Charles Dickens

To Hugh and his companion, who lay in a dark corner of the gloomy shed, he, and the sunlight, and the peaceful Sabbath sound to which he made response, seemed like a bright picture framed by the door, and set off by the stable's blackness. The whole formed such a contrast to themselves, as they lay wallowing, like some obscene animals, in their squalor and wickedness on the two heaps of straw, that for a few moments they looked on without speaking, and felt almost ashamed.

'Ah!'said Hugh at length, carrying it off with a laugh: 'He's a rare fellow is Barnaby, and can do more, with less rest, or meat, or drink, than any of us. As to his soldiering, I put him on duty there.'

'Then there was a object in it, and a proper good one too, I'll be sworn,' retorted Dennis with a broad grin, and an oath of the same quality. 'What was it, brother?'

'Why, you see,' said Hugh, crawling a little nearer to him, 'that our noble captain yonder, came in yesterday morning rather the worse for liquor, and was--like you and me--ditto last night.'

Dennis looked to where Simon Tappertit lay coiled upon a truss of hay, snoring profoundly, and nodded.

'And our noble captain,' continued Hugh with another laugh, 'our noble captain and I, have planned for to-morrow a roaring expedition, with good profit in it.'

'Again the Papists?' asked Dennis, rubbing his hands.

'Ay, against the Papists--against one of 'em at least, that some of us, and I for one, owe a good heavy grudge to.'

'Not Muster Gashford's friend that he spoke to us about in my house, eh?' said Dennis, brimfull of pleasant expectation.

'The same man,' said Hugh.

'That's your sort,' cried Mr Dennis, gaily shaking hands with him, 'that's the kind of game. Let's have revenges and injuries, and all that, and we shall get on twice as fast. Now you talk, indeed!'

'Ha ha ha! The captain,' added Hugh, 'has thoughts of carrying off a woman in the bustle, and--ha ha ha!--and so have I!'

Mr Dennis received this part of the scheme with a wry face, observing that as a general principle he objected to women altogether, as being unsafe and slippery persons on whom there was no calculating with any certainty, and who were never in the same mind for four-and-twenty hours at a stretch. He might have expatiated on this suggestive theme at much greater length, but that it occurred to him to ask what connection existed between the proposed expedition and Barnaby's being posted at the stable-door as sentry; to which Hugh cautiously replied in these words:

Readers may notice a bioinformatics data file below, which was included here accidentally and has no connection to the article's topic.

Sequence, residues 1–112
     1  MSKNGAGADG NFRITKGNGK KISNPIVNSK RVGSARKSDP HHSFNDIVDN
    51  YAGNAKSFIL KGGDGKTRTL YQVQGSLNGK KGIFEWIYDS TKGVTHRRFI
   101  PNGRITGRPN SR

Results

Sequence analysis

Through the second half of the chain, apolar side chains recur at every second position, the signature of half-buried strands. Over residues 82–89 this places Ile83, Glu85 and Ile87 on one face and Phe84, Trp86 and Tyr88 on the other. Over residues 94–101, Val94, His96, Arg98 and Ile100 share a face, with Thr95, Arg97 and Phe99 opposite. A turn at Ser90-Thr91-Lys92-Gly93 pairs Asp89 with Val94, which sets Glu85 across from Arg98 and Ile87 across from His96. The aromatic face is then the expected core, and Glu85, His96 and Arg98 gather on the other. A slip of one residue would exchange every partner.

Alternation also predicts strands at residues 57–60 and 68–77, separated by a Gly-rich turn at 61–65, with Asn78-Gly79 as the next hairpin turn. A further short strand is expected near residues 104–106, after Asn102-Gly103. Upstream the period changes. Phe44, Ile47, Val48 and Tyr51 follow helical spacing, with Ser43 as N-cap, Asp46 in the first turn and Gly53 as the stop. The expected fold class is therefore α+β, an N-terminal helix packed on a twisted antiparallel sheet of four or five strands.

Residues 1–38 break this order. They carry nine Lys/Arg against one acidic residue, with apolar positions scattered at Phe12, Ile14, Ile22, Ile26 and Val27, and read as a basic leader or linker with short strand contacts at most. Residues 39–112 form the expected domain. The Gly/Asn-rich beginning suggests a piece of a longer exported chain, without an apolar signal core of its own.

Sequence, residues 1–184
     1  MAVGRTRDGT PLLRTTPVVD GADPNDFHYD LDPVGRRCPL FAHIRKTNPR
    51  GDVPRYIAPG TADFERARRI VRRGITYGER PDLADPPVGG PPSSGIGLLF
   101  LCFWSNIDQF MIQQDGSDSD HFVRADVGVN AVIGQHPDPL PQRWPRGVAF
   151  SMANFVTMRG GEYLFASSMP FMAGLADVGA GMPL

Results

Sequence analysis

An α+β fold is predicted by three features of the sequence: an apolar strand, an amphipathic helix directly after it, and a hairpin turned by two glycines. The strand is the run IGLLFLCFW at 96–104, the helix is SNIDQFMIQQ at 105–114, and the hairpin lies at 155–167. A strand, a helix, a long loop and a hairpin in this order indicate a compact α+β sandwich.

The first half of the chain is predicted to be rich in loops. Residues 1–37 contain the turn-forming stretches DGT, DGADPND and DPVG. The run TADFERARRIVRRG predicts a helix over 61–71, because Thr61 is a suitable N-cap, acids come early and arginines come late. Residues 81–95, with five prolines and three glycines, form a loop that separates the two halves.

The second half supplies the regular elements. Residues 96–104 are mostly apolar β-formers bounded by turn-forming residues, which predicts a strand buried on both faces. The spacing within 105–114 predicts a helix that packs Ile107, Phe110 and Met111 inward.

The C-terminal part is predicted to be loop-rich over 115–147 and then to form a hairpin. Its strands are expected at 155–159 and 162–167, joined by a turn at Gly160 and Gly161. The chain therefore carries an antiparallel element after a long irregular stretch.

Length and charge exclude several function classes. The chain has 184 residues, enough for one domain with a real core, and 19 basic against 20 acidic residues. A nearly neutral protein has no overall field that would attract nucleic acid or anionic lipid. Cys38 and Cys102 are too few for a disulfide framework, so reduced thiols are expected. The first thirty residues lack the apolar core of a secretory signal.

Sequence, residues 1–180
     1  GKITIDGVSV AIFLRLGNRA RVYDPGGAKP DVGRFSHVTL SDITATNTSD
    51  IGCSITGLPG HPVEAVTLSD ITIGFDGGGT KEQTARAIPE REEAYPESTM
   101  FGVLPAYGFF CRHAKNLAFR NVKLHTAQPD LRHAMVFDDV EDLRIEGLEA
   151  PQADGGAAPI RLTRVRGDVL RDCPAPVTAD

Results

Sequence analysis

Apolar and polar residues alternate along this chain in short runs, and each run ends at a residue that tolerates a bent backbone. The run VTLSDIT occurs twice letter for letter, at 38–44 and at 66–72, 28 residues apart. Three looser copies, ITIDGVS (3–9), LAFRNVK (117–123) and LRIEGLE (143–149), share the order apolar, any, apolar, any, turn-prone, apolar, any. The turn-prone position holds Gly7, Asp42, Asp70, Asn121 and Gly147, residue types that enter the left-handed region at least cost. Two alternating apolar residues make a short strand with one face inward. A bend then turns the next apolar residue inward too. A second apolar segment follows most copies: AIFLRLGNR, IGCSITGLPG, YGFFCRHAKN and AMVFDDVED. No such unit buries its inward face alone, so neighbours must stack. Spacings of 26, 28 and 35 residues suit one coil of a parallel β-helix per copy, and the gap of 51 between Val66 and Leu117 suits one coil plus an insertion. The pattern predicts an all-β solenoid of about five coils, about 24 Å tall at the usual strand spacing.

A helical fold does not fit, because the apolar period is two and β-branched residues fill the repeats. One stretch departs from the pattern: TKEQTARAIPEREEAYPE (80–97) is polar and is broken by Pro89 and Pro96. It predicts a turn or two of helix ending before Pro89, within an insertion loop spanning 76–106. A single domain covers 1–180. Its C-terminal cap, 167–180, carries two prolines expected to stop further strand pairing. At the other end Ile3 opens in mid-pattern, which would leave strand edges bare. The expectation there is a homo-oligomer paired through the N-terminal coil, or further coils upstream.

'Why, the people we mean to visit, were friends of his, once upon a time, and I know that much of him to feel pretty sure that if he thought we were going to do them any harm, he'd be no friend to our side, but would lend a ready hand to the other. So I've persuaded him (for I know him of old) that Lord George has picked him out to guard this place to-morrow while we're away, and that it's a great honour--and so he's on duty now, and as proud of it as if he was a general. Ha ha! What do you say to me for a careful man as well as a devil of a one?'

Mr Dennis exhausted himself in compliments, and then added,

'But about the expedition itself--'

'About that,' said Hugh, 'you shall hear all particulars from me and the great captain conjointly and both together--for see, he's waking up. Rouse yourself, lion-heart. Ha ha! Put a good face upon it, and drink again. Another hair of the dog that bit you, captain! Call for drink! There's enough of gold and silver cups and candlesticks buried underneath my bed,' he added, rolling back the straw, and pointing to where the ground was newly turned, 'to pay for it, if it was a score of casks full. Drink, captain!'

Mr Tappertit received these jovial promptings with a very bad grace, being much the worse, both in mind and body, for his two nights of debauch, and but indifferently able to stand upon his legs. With Hugh's assistance, however, he contrived to stagger to the pump; and having refreshed himself with an abundant draught of cold water, and a copious shower of the same refreshing liquid on his head and face, he ordered some rum and milk to be served; and upon that innocent beverage and some biscuits and cheese made a pretty hearty meal.